Still, as a rare attempt to research Africa’s death toll with clinical data, the BU team’s work has had a significant impact, outside experts say. Before his first paper, says Watson, who has worked on several studies related to Covid-19 in a low-income environment, there was a “fairly equal balance” within academia among those who believed there was “something fundamentally different about it.” the hand was in Africa that meant there weren’t that many deaths” and those who emphasized a lack of data.
The Zambia study, he says, played an important role in “shifting the story” towards the latter idea. Ugandan Kirenga says the study resonates with his observations of likely undercounting there. But Roma Chilengi, special covid-19 adviser to Zambian President Hakainde Hichilema, who also heads the organization that collects Zambia’s official surveillance data, says he still believes the pandemic in his country is not so deadly. has been as expected: at first he feared that “sweeping like wildfire,” he told me, have not materialized. Still, Chilengi broadly agrees with the BU team’s conclusions. “As an exploratory observation, there is no doubt that we had a lot of people who died of covid but were not diagnosed,” he says.
Survivors – and algorithms – agree
In addition to the UTH cadavers, a growing body of non-clinical studies have also added weight to the claim that a majority of African deaths have been missed. A paper published last May in The Lancet that followed nearly 6,800 confirmed or suspected Covid-19 patients referred to intensive care facilities in 10 African countries found that less than half were hospitalized and 48% of those who died within a month. According to the authors of the paper, this represents an additional in-hospital mortality of 11 to 23 deaths per 100 patients compared to the global average — a figure they associate with understaffing and the frequent absence of life-saving interventions such as oxygenation and dialysis.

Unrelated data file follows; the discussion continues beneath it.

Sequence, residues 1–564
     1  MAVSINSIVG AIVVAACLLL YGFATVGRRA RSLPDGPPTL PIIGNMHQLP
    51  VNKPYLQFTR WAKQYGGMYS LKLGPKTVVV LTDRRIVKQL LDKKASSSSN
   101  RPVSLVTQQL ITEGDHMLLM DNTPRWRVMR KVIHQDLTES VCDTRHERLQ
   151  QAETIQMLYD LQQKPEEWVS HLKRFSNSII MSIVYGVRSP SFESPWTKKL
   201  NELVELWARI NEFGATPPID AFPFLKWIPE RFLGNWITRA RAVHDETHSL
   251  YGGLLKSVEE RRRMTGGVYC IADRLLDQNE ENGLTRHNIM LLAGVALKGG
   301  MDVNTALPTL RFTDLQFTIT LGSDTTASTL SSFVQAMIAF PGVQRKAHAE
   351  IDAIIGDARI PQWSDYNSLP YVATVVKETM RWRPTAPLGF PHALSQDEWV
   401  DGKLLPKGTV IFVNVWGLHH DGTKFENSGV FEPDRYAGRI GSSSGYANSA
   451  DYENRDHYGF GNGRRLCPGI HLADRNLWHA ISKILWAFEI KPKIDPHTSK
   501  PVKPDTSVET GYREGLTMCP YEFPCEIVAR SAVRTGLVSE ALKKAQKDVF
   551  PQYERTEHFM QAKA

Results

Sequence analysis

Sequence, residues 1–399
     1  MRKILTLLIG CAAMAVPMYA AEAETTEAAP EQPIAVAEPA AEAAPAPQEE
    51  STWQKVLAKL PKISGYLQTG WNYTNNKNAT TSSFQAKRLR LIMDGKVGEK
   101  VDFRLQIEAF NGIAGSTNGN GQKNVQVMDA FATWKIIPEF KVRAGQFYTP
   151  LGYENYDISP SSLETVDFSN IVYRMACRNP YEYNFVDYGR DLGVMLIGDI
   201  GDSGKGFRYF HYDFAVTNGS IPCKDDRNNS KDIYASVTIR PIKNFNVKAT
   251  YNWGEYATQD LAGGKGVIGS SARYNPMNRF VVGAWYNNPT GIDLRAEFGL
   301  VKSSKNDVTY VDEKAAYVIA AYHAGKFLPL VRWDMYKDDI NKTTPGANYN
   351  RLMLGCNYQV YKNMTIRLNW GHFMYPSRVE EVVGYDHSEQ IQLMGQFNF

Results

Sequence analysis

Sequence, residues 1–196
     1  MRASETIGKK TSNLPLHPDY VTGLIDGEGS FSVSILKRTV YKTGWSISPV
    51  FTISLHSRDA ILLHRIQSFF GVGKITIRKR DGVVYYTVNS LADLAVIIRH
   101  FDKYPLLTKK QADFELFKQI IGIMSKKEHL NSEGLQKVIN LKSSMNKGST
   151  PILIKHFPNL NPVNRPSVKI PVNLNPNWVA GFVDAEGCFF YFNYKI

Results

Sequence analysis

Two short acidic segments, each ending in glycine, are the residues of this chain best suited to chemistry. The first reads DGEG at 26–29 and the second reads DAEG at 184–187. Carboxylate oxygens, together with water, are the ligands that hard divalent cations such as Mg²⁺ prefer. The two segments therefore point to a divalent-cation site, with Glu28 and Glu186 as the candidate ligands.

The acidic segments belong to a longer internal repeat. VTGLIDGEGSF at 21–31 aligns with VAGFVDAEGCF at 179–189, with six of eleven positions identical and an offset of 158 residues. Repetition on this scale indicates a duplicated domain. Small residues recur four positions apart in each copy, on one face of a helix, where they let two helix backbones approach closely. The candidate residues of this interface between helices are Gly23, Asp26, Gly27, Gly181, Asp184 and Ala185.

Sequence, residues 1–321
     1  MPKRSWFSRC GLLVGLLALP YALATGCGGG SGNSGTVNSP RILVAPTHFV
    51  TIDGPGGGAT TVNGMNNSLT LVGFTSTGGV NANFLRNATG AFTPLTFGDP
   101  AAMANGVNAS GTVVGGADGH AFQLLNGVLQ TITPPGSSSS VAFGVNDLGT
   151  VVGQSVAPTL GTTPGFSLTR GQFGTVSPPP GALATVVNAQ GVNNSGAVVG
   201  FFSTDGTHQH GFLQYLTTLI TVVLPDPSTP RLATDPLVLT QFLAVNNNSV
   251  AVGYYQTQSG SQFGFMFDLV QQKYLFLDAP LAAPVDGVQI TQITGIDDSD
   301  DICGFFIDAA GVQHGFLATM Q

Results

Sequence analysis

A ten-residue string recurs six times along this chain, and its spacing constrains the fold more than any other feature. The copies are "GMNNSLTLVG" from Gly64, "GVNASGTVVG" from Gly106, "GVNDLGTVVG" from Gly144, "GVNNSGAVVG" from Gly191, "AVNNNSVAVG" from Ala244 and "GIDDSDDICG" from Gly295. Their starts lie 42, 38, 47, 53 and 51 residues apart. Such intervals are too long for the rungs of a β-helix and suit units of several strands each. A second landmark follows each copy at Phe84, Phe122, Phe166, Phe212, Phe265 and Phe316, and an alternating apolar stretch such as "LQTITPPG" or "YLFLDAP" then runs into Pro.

Although Zambia was not included in the study, the locals told me that treatment gaps were acute there as well. Sky Banda, a 58-year-old resident of Kaunda Square, a compound named after Zambia’s first president, says many community members who fell ill during the height of the pandemic viewed hospitalization as a “ticket straight to the morgue.” Most chose home-based herbal treatments instead.
Onechi Lwenje, a 36-year-old filmmaker who spent a week in the UTH’s covid-19 ward in early 2021 during Zambia’s second wave, says staff were so overwhelmed that some patients would die and go undetected for hours. “Most people who went into that department never got out,” he says.
While death records from Africa remain patchy, attempts to approximate excess mortality through statistical workarounds also support the theory of substantial undercounting. A machine learning model developed by The Economist, based on more than 100 indicators correlating with additional deaths in countries where that data is available, suggests that Africa has seen 1.1 million to 3 million additional deaths since the start of the pandemic. A model from the University of Washington’s Institute of Health Metrics and Evaluation, included in a paper published by The Lancet in March, estimates the number to be 2.1 million as of December 2021 for sub-Saharan Africa alone, with a central estimate for Zambia of 81,000-20 times the official toll of 3,967.